Three Things to Do When You Have a Bad Day Teaching
Teaching is a difficult job. Today alone, I was not able to motivate a student to work, watched one co-worker complain bitterly about the teacher’s union, another co-worker lament the unproductiveness of his students, and unsuccessfully handled an unruly class. “This is my chosen profession?” I yelled at one point. “Yes, you chose it!” they yelled back. They are very astute in the most obscure moments.
The truth is, I love my job, but it hasn’t always been so. I realize that I have developed a set of coping skills that allow me to go home, recover, and return again the next day with a positive attitude. It is my hope that by sharing them I can give at least one teacher strength to carry on when the going gets tough. This approach has helped me countless times.
A link to my classroom management program!
- The successful use of behavior modification in a classroom management program for high school
As a teacher of special education high school students, I believe that an important key to a productive classroom is the successful implementation of a positive behavior management system.
How often do you have difficult teaching days?
Step One…Reflect on What Happened.
The biggest professional development tool is self-reflection. I frequently hear teachers blame the students for their poor academic skills, lack of motivation, poor behavior and everything else that is wrong in the classroom. The truth is, we cannot control the students. We can only control ourselves.
This does not mean to obsess over the scene and use it to feel bad about you. This is not for self-flagellation purposes! We work hard to be good at what we do, and utilize self-reflection only to get better. Feeling bad about ourselves serves no purpose, and is detrimental to all parties involved.
It is helpful to concentrate on what you could have done differently. Replay the scene in your mind, and pinpoint one or two things that you could have changed. Sometimes it is simply to pick up on cues earlier and take action to diffuse a situation. Other times, it is to suppress a reaction that ended up fueling the fire. Today, I could have used the power of proximity to help settle my unusually rowdy students instead of giving out directives (in an obviously preoccupied manner) from my desk.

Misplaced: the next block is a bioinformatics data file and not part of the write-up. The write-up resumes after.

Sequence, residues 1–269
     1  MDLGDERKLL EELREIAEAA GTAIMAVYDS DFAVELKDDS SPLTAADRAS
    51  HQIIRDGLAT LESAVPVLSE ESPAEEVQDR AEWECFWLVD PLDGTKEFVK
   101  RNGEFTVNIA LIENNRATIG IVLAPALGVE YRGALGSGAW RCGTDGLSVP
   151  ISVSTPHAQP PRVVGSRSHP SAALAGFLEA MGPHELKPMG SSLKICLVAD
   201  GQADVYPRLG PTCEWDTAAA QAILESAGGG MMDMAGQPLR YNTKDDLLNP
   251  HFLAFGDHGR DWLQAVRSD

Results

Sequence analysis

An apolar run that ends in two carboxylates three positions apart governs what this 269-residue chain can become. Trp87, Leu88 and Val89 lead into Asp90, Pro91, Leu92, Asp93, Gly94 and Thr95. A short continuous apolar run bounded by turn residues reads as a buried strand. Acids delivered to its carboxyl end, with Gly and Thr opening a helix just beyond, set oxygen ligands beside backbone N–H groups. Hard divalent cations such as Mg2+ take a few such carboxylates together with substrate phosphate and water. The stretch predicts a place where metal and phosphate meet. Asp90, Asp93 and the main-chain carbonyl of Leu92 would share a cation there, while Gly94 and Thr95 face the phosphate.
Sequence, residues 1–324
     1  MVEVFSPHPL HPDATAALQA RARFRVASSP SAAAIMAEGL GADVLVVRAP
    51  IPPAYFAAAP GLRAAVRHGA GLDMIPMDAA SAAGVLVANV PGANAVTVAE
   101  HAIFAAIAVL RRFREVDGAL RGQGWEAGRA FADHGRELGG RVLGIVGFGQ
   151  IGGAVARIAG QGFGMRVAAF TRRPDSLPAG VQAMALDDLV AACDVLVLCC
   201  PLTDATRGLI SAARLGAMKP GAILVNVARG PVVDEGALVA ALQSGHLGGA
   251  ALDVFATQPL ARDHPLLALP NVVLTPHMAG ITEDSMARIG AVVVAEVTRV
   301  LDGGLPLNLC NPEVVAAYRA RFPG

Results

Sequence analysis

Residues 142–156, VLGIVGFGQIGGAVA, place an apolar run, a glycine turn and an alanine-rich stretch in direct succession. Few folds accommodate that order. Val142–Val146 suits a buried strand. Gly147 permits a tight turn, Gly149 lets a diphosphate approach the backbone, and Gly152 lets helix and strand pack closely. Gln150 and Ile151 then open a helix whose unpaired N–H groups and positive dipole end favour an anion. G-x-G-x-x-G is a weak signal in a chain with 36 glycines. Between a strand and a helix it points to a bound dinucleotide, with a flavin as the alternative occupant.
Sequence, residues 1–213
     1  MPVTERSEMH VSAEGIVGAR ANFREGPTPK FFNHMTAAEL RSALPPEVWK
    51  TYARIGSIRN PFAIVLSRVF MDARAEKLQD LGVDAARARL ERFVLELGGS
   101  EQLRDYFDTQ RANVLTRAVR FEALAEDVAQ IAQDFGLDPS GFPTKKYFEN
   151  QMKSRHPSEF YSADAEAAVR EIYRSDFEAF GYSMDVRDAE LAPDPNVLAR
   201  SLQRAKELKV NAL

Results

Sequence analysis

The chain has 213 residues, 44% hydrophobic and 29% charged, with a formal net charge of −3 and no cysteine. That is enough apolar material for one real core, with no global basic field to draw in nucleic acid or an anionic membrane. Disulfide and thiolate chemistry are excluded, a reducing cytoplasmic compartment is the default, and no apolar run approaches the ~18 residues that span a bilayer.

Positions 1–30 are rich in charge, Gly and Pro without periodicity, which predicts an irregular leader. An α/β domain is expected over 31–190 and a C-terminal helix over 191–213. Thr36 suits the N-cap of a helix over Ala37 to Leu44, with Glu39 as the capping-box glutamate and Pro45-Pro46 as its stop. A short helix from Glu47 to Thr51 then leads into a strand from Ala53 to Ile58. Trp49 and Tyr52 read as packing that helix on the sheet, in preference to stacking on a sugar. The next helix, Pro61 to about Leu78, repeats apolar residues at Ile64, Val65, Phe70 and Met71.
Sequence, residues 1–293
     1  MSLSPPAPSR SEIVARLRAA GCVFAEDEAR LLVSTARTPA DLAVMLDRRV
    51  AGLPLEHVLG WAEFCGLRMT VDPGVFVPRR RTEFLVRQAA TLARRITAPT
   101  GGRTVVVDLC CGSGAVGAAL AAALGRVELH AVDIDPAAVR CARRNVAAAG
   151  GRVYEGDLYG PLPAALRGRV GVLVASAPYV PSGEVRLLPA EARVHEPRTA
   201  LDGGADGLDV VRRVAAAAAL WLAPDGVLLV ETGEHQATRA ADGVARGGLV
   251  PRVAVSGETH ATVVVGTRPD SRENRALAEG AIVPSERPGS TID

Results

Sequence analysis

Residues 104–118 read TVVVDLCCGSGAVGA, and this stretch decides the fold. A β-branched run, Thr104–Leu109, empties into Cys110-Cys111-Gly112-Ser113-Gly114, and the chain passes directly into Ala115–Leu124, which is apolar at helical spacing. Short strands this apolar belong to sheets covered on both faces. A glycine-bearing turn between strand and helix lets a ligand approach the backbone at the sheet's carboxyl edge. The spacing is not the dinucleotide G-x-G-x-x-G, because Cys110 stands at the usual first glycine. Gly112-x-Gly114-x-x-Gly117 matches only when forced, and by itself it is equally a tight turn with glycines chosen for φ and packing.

Replay the scene again once or twice, substituting in your “new” actions for the old ones. This way, the next time a similar situation comes up; you are more likely to react in a new and improved way.
Step Two…Be Proactive.
Do something. Make a concrete change somehow. Even something small will help you to feel like you are taking steps to address the problem. I think that this is extremely important. Are we beaten, discouraged, and helpless? Or are we assertive and in charge of our careers and our classrooms?
Some concrete changes that I have made this school year are: moving student desks, clarifying classroom expectations in writing, making a sign, changing lesson plans to return to practicing routines and procedures, writing behavior contracts, and creating “contests.”
Armed with a plan, no matter how small, we address the problem and take proactive steps to improve our working conditions and our career experience.
It is also important to create a team of supporters. On my team: the educational assistant, the vice-principal, the behavior health counselor, and the parents. At a minimum, I debrief with the educational assistant and clue her in on the plan of action. At a maximum, I hold a classroom meeting during school hours and invite all parties in to join the students and myself. Expectations are made clear, and then there is a team of clued-in supporters on your side.
Step Three…Start Fresh the Next Day.
After you make your plan, drop it! Do not continue to ruminate on it all evening. Make a point to de-stress (in a healthy way). Exercise, play with your kids and/or animals, take a bath, read, eat a good dinner, and get a good night’s sleep!
The next day, implement your new plan with confidence. Perhaps it will work like magic. More likely, it may need some tweaking. No matter how it turns out, you have taken positive steps in the right direction! Repeat the entire process as necessary…
A link to my hub plugging National Board Certification!
- Teachers...Five Reasons to Become National Board Certified
National Board Certification requires an investment of time and money. It requires initiative, organizational skills, critical thinking, patience, and perseverance. Is it worth it? Absolutely!